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Demi Moore Talks Bobby

Published November 22, 2006 in Movie Interviews
By Fred Topel | Image property of The Weinstein Company.
Bobby- Demi Moore Demi Moore in Bobby
Bobby brings Demi Moore and Emilio Estevez full circle. The former lovers costarred in Estevez’s directorial debut Wisdom, and now she joins the ensemble of his ultimate passion project.

Interview: Demi Moore On Bobby


“I was still living in Idaho and this was probably, at this point, five years ago,” said Moore. “We had been speaking and he called me and said, ‘I’m going to send you something I’ve really been working on. Just take a look at it and tell me what you think.’ And I don’t think he said anything specifically about a role. It was just, ‘Read this. It’s just something that means a lot. I’m really passionate about it.’ And continued to talk and there was almost money there. So, I feel like I have certainly not been inside it as much as he has, but I have been living with this borrowed passion until it became part of my own for some time. What I’ll also share about Emilio is they say a candle when you take a flame to light someone else’s candle that it is the only moment that when you give something that you will not loose anything. I feel like Bobby Kennedy was a light who was holding this flame for us all. And that Emilio has picked that up and shared all that and I think through the process of all of us. We are all here for love; it certainly wasn’t the paycheck.”

Already, Estevez’s latest film is faring better critically than his first directorial effort, but Moore cuts him some slack. “I believe if he were making that film as his first film today that it would have been received far differently. Back then it was just considered a B movie. We didn’t have independents in the way that we have today and I think Emilio’s been on a long journey to get to this opportunity, but what he’s bringing forth in this is what I saw him believe in from the very early days. And really just I can’t say how proud I am that he trusted in me enough. There’s a lot of people he could have sought to do this role and I’m sure who would have liked to have done it.”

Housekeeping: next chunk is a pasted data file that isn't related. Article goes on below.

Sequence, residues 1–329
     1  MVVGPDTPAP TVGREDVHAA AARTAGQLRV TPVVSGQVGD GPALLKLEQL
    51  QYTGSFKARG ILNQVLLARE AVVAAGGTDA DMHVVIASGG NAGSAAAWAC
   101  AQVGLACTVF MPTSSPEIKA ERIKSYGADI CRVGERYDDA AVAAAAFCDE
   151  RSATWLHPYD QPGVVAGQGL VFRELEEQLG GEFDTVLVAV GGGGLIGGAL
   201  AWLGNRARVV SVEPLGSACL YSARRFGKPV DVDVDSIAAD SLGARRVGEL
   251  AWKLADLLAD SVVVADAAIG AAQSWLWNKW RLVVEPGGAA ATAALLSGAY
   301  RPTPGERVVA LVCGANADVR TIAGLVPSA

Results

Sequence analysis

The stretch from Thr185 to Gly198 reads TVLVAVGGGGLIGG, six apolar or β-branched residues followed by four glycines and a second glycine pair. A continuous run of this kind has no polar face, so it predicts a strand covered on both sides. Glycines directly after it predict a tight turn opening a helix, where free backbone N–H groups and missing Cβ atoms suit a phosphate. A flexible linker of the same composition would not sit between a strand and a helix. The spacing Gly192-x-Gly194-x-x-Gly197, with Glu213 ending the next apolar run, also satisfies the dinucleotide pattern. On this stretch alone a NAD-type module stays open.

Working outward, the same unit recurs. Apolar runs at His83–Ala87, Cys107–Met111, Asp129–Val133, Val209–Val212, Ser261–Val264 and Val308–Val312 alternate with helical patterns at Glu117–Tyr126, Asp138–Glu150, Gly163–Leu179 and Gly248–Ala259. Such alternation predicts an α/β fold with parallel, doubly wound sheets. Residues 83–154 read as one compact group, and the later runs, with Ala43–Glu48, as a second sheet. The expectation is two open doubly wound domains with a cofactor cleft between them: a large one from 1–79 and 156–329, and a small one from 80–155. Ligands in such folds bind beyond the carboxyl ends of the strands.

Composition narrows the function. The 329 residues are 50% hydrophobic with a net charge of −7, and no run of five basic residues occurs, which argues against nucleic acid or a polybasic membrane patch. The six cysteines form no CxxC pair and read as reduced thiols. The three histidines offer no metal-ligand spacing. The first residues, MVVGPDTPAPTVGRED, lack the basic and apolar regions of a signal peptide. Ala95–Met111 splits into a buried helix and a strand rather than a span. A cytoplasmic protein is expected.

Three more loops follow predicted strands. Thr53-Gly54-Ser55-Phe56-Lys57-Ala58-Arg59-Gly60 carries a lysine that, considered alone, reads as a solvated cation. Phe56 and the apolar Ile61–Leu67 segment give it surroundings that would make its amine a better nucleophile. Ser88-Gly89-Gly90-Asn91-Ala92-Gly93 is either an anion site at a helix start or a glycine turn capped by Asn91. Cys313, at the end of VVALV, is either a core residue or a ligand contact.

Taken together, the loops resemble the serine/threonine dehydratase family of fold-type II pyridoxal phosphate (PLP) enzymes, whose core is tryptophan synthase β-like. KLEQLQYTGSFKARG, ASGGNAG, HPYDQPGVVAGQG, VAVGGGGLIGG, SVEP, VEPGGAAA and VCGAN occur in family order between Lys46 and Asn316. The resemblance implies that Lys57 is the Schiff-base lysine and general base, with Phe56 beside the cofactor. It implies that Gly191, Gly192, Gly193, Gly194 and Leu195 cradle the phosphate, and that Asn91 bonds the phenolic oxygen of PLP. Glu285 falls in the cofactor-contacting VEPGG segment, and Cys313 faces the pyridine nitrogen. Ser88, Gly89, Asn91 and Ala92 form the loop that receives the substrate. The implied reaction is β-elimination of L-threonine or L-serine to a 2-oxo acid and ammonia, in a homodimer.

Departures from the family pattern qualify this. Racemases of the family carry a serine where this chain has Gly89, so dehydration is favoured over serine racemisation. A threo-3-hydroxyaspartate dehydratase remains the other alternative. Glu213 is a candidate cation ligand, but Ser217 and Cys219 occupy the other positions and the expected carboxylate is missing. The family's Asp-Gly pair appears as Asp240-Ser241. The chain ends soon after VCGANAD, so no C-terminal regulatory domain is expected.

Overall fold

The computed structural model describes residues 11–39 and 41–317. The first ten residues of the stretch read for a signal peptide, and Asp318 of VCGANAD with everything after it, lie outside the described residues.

Moore plays a boozing lounge singer performing at the Ambassador hotel the day Robert Kennedy is assassinated. She performed her own vocals for the film. “Yes, I did do the singing. In fact, I almost didn't do the role because of the singing. I had so much fear and anxiety and if not for Emilio's kind of steadfast belief in my ability to not just do the singing, but bring life to this woman and I did so ultimately because it scared the crap out of me and I figured that means it's exactly what I should be doing. But, let me just say I play a singer and I never want to be compared to a real one.”

The character totally lets herself go, which is something Moore has been careful to avoid, but she found it liberating to play such a woman. “It's not about always getting it right. Sometimes it's about getting it wrong so that we have the opportunity to overcome. I think sometimes those are the better opportunities because when it all works well we actually give less thought to it. We put less energy into and sometimes when it doesn't, we really have such an enormous opportunity for growth. I think in the film, part of the connection that all of the characters share is whatever levels their lives are at, Helen [Hunt] and Martin [Sheen]'s relationship is striving to overcome a certain obstacle and or at a more evolved place. Sharon [Stone] and Bill Macy are in the middle of something, but there's hope because there's a desire and I think in our character's relationship it's gone over and edging to a dark place, but underneath everyone of our characters down to the young love that's trying to find itself is a soul. Everybody's soul is striving to rise above and I think there are some of us in the film that are conscious and I think there are some of us who are representing that which is unconscious, but one is not better than the other. As far as personal discipline, I'm grateful for the opportunity to play somebody like Virginia, but I certainly don't want to live it.”

Bobby opens to theatres today, November 22nd.

For the poster, trailer, more interviews, synopsis and more movie info, go to the Bobby Movie Page.

Stay tuned for updates.


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Fred Topel
Sources: Image property of The Weinstein Company.
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